Early Childhood Education

Freud, Sigmund (1856-1939)


Arguably one of the most influential thinkers of the late nineteenth and twentieth centuries, Freud was an Austrian doctor and psychoanalyst who created a dynamic theory to explain biological and cultural influences on mental development and behavior. His work with patients suffering mental illness led him to consider the human roots of both normal and abnormal development, including the contributions of families, culture, gender, and sexual abuse to personality. According to Freudian theory, inborn biological drives (Freud’s concept of the id, including hunger, social contact, sexuality) encounter society’s limits to those drives.

Many of Freud’s ideas have contemporary currency. For example, he believed that humans develop a superego, or conscience, to provide an internal representation of society’s rules; Freud’s is a seminal psychological view of moral development. The interplay of id and societal forces shapes our ego, or who we are as a person; Freud’s interpretation of this process is an early version of self-concept. His dynamic view of personality argues that much of development is subconscious or unconscious. Childhood is the crucible where these dynamic forces emerge. A psychosocial theory from Freud’s view points to early attachment and play as important for self-concept, and Freud’s psychosexual theory provides connections between early development and both gender and sexual identity. While the main thrust of his work was directed to psychiatry and clinical psychology, the importance of childhood within Freud’s school of thought created many opportunities for connections with early education.

In 1909 Freud gave a series of lectures at Clark University at the invitation of G. Stanley Hall, leader of the Child Study Movement. These lectures provided international legitimacy for Freud’s ideas and introduced them to early leaders in child development and early education. His thinking can be seen directly in developmentally oriented early childhood programs that were emerging at that time, such as the Bank Street child-centered school (see also Developmental- Interaction Approach) and other programs that acknowledged the whole child, play-based pedagogy, and creativity as bases for early education. With connections established to child study, Freud’s thinking has had continuous, if controversial, visibility within the developmental community that provides one knowledge base for early education.

Perhaps more important than Freud’s direct influence on early childhood programs is the influence of his many followers. Scholars such as Erik Erikson, Anna Freud, Melanie Klein, Lili Peller, and Donald Winnicott have provided psychodynamic perspectives on children’s development that have expanded conceptions of play as an avenue for expression and growth. Freud inspired others to think of play as an indicator of how each child constructs a unique life history, resolves problems, expresses feeling or affect, and helps us understand who we are as persons.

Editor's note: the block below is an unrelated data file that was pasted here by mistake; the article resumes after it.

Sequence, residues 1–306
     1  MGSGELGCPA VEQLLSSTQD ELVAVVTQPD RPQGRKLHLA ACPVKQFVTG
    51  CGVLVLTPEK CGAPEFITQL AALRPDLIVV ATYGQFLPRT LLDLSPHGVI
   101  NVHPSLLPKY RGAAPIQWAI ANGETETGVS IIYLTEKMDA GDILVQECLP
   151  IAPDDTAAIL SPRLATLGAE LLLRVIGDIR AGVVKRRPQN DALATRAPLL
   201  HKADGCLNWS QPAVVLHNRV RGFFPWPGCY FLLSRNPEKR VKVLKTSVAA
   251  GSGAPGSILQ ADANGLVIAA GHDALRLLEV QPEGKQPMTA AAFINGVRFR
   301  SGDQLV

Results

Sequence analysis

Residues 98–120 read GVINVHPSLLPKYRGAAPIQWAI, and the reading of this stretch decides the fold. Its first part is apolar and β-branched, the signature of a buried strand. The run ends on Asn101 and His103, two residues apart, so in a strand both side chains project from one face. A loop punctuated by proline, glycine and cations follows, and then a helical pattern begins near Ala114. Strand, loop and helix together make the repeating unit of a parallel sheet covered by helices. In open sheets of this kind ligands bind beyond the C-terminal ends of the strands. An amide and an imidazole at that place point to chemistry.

It is easy to forget how elements of Freud’s thinking have become pervasive in contemporary culture (e.g., Freudian slips, ego trips, unconscious acts). His thinking also continues to guide academic studies in a variety of areas, such as attachment theory (see John Bowlby), feminist studies of object relations, postmodern studies on gender, life-span development, law, history, biography, motivation, and other fields of inquiry. Many consider Freud’s ideas to be metaphysical and untestable, while others see in his work a way of understanding the complexities of children’s early growth and learning. See also Psychosocial Theory; Gender and Gender Stereotyping in Early Childhood Education; Mental Health; Pedagogy, Activity-Based/Experiential; Pedagogy, Play-Based; Self-Esteem and Self-Concept.

Further Readings: Freud, S. (1949). An outline of psychoanalysis. New York: Norton; Freud, S. (1952). On dreams. New York: Norton; Freud, S. (1959). Beyond the pleasure principle. In J. Strachey, ed., The standard edition of the complete psychological works of Sigmund Freud. London: Institute of Psychoanalysis; Frost, Joe L., Sue C. Wortham, and Stuart Reifel (2005). Play and Child Development. 2nd ed. Columbus, OH: Merrill/Prentice Hall; Gay, Peter (1988). Freud: A life for our time. New York: W.W. Norton.

Stuart Reifel